Dozens of visitor parking spots and an open invitation to communion are two ways that Santa Maria de Guadalupe Lutheran lets newcomers know they are welcome.
"Many have not been able to take communion in the Catholic Church for 20 years because of a second marriage," says the Rev. Pedro Portillo. "They don't feel they can participate in the community because they have been discriminated against, are not married to their partner, or are divorced."
Weddings, baptisms, and quinceaneras celebrating a girl's 15th birthday bring a constant flow of new people into the church. There, a team of leaders helps connect them to opportunities for worship, education and service.
The evangelization group welcomes newcomers, helps them find seats and works to connect their talents with appropriate ministries. Twenty teachers help with Sunday school, first communion, and confirmation classes. One teacher offers classes in her home. An intergenerational vacation Bible school offers learning and recreation for children, their parents and their grandparents.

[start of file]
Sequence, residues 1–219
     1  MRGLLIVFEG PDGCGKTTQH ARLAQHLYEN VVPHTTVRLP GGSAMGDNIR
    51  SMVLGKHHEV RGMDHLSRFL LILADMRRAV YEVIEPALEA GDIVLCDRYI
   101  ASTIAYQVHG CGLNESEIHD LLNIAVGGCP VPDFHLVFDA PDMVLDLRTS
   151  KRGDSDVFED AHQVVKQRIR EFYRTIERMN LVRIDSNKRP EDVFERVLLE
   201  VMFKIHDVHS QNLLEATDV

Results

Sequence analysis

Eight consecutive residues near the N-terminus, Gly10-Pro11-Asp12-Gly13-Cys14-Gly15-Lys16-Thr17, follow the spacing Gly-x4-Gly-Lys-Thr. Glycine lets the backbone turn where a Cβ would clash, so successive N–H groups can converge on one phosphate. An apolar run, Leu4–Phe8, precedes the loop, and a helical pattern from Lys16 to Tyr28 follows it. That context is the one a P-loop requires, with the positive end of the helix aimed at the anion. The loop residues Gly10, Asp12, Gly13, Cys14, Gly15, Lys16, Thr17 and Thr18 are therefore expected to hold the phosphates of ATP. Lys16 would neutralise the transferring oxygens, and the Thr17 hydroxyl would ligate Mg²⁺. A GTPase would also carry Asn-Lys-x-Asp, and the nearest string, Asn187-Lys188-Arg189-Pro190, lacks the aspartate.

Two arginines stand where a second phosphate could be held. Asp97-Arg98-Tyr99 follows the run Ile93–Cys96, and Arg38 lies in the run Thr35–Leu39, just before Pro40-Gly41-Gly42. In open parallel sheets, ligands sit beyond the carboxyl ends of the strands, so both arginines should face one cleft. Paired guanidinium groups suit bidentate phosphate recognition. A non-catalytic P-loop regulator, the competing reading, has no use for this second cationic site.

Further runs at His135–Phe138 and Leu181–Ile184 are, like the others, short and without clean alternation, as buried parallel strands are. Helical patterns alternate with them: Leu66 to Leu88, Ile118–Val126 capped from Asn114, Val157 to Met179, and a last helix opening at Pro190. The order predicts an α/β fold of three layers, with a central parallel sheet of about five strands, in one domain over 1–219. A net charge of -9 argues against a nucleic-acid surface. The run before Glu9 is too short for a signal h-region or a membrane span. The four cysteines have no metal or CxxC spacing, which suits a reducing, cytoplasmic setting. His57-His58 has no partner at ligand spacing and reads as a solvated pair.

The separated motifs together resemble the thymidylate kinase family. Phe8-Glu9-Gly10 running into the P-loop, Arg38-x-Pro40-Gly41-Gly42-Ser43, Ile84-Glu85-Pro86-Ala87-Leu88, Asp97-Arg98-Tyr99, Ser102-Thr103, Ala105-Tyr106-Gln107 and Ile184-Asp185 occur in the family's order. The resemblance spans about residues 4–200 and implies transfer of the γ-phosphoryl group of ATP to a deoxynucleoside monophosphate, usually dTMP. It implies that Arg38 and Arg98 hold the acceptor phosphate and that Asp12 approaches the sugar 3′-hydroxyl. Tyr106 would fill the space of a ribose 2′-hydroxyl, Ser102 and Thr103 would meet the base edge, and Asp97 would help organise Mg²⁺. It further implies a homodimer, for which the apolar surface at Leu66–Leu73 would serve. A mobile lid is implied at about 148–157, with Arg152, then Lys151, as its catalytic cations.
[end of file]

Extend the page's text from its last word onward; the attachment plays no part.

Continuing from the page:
Twice-monthly inquirer classes draw about 40 participants. "We don't talk about membership but discipleship, the need to work together as one community, one people who read the same gospel," says Pastor Portillo.
Pastor Portillo urges Santa Maria disciples to serve in the PTA and other community groups including safety training by local police and firefighters.
With so many opportunities to live out their faith, it's no wonder that 1,200 people worship every Sunday in Santa Maria de Guadalupe's new sanctuary.
"People in the congregation talk about the church in invite others. I never knock on doors. I don't need to."